All the messages and sermons from “Together for the Gospel” (T4G) 2018

Posted in Ministry, missions, Nations, ethnicities, Racial Reconciliation, Reformation, Relationship with Jesus Christ, Repentance, Sanctification/Holy living, Spiritual growth | Leave a comment

Summary of Racial Reconciliation issues in the USA and the Church at large


Posted in church, church history, Justice, Racial Reconciliation | Leave a comment

Read the article linked

You can’t figure out God.

Christianity is not true because it works.

In many cases, it does not work. That is to say, it does not solve all of the problems that we think it should solve. Those who become Christians because they were told it would fix their marriages, only to find themselves in divorce court, might well give up on Christianity. Those who expected to be free of sinful habits and desires after a conversion in which “sudden victory” was promised may find themselves disillusioned with God altogether soon thereafter, when they realize that they are still sinners saved by grace.

We are not called here this afternoon to judge God. God didn’t promise any of us health, wealth, and happiness. In fact, he tells us that we who expect to share in Christ’s glory will also participate in his suffering. [Romans 8:17]  Christianity is true, not because it works for people but because nearly 2,000 years ago, outside of the center-city of Jerusalem, the Son of God was crucified for our sins and was raised for our justification. [Romans 4:25]

This historical event may not fix our marriages, our relationships or our messed-up lives the way we would like, and in the timing, we would like, but it saves us from the wrath of God to come. And surely in view of this, all else pales not into insignificance, but into secondary importance to that great issue. “For it is appointed for a man once to die, and then the judgment.” [Hebrews 9:27]

Christianity offers hope even when it doesn’t work.

Read the full article here:



Posted in Eternal Life, Hope, Salvation, Truth | Leave a comment

Psalm 19 in 2 songs. “sons of Korah” music group.

See the “sons of Korah” music group web-site.


Psalm 19:1-6

The heavens are telling of the glory of God;
And their expanse is declaring the work of His hands.
Day to day pours forth speech,
And night to night reveals knowledge.
There is no speech, nor are there words;
Their voice is not heard.
Their line has gone out through all the earth,
And their utterances to the end of the world.
In them He has placed a tent for the sun,
Which is as a bridegroom coming out of his chamber;
It rejoices as a strong man to run his course.
Its rising is from one end of the heavens,
And its circuit to the other end of them;
And there is nothing hidden from its heat.


Psalm 19:7-14

7  The law of the Lord is perfect, restoring the soul;
The testimony of the Lord is sure, making wise the simple.
The precepts of the Lord are right, rejoicing the heart;
The commandment of the Lord is pure, enlightening the eyes.
The fear of the Lord is clean, enduring forever;
The judgments of the Lord are true; they are righteous altogether.
10 They are more desirable than gold, yes, than much fine gold;
Sweeter also than honey and the drippings of the honeycomb.
11 Moreover, by them Your servant is warned;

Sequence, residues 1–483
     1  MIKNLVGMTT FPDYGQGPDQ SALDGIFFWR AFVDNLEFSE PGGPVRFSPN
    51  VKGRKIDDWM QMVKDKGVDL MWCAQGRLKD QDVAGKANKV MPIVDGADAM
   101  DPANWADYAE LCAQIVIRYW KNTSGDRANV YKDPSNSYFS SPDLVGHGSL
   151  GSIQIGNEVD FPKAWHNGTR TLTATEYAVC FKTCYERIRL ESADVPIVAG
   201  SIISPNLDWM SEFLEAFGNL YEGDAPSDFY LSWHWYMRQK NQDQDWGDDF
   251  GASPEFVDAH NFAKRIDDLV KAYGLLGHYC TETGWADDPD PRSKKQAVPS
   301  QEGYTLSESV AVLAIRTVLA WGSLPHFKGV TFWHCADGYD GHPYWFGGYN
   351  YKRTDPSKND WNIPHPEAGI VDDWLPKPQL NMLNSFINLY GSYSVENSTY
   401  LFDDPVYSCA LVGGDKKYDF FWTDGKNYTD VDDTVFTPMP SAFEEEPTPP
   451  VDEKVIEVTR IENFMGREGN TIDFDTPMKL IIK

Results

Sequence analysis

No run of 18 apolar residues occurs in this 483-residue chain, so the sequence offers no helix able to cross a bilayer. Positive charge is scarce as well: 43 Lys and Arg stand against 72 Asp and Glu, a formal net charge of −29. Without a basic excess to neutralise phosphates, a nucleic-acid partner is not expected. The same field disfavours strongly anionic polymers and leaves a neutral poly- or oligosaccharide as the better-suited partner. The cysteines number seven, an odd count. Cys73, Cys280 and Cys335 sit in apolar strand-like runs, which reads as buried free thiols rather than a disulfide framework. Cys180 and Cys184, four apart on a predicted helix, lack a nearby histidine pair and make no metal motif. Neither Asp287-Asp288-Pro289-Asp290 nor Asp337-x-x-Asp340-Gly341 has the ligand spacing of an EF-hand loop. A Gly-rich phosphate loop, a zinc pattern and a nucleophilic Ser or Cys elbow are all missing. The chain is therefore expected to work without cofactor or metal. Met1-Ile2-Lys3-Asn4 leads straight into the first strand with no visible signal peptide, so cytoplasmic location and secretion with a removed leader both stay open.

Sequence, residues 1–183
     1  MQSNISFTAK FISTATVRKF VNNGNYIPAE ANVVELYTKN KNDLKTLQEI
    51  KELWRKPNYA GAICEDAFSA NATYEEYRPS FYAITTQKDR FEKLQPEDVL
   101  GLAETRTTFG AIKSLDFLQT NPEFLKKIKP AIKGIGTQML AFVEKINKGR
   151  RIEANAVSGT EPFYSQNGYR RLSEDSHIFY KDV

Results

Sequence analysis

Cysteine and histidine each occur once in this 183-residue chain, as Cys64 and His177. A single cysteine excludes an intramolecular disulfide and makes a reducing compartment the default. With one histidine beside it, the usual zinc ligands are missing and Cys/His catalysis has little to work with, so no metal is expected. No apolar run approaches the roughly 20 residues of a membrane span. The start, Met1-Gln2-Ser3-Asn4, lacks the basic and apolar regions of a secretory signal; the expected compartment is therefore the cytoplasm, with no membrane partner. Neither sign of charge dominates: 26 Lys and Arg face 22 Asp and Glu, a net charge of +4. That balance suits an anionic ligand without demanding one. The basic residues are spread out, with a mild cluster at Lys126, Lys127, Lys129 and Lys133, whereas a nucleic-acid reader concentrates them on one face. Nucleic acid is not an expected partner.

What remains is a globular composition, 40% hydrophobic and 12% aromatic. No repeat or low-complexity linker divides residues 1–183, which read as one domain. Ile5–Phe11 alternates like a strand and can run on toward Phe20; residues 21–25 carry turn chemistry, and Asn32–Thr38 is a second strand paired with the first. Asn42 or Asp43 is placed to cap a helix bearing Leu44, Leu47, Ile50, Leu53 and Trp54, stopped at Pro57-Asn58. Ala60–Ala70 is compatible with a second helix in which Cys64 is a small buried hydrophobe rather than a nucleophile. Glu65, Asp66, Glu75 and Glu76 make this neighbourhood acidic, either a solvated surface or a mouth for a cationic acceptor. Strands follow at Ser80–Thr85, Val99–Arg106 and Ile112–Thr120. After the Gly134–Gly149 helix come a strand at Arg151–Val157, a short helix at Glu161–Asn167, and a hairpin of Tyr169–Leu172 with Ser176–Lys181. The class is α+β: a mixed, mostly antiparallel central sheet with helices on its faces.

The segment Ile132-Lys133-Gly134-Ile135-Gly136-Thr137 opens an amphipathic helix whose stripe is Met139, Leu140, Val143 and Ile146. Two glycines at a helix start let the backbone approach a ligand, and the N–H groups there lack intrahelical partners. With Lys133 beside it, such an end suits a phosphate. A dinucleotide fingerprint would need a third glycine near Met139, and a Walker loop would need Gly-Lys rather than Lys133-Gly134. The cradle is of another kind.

In keeping them there is great reward.
12 Who can discern his errors? Acquit me of hidden faults.
13 Also keep back Your servant from presumptuous sins;
Let them not rule over me;
Then I will be blameless,
And I shall be acquitted of great transgression.
14 Let the words of my mouth and the meditation of my heart
Be acceptable in Your sight,
Lord, my rock and my Redeemer.

Posted in "sons of Korah" music group, Music, Psalms, Spiritual songs, worship

The book of Leviticus and Isaiah 53



See how Isaiah 53 is a continuation/ development of the teaching and theology of substitutionary atonement for sin and how a Rabbi admitted that the Day of Atonement is parallel with Jesus of Nazareth, the Messiah. 

I would add that the reason why sin can be covered by blood atonement is because the bloody substitutionary atonement satisfies the wrath/justice of God against sin; and only the Messiah Jesus fully satisfied God’s justice/wrath against sin.  (Galatians 3:13; Romans 3:25-26; Hebrews chapters 8-10)  The teaching of Leviticus is developed more in Isaiah 52:13-15 and 53:1-12 and Jesus says He is the fulfillment of that in Mark 10:45.)

These very well done videos are by “The Bible Project” – see the two artists at the end of each video and their website. 

Posted in Atonement for sin, Bible Study, Leviticus, Old Testament book study, Substitutionary Atonement, The Atonement of Christ, Theology

Psalm 56 in music – “Sons of Korah”

For the choir director; according to Jonath elem rehokim. A Mikhtam of David, when the Philistines seized him in Gath.

Psalm 56 

Be gracious to me, O God, for man has trampled upon me;
Fighting all day long he oppresses me.
My foes have trampled upon me all day long,
For they are many who fight proudly against me.
When I am afraid,
I will put my trust in You.
In God, whose word I praise,
In God I have put my trust;
I shall not be afraid.
What can mere man do to me?
All day long they distort my words;
All their thoughts are against me for evil.
They attack, they lurk,
They watch my steps,
As they have waited to take my life.
Because of wickedness, cast them forth,
In anger put down the peoples, O God!

You have taken account of my wanderings;
Put my tears in Your bottle.
Are they not in Your book?
Then my enemies will turn back in the day when I call;
This I know, that God is for me.
10 In God, whose word I praise,
In the Lordwhose word I praise,
11 In God I have put my trust, I shall not be afraid.
What can man do to me?
12 Your vows are binding upon me, O God;
I will render thank offerings to You.
13 For You have delivered my soul from death,
Indeed my feet from stumbling,
So that I may walk before God
In the light of the living.


By the music group, “Sons of Korah”

See their website here.

Posted in "sons of Korah" music group, Music, Prayer, Psalms, Spiritual growth, Spiritual songs, worship

Response to Georg Kaplan on Trinity and Gregory of Nyssa, Jesus as Theos, Ignatius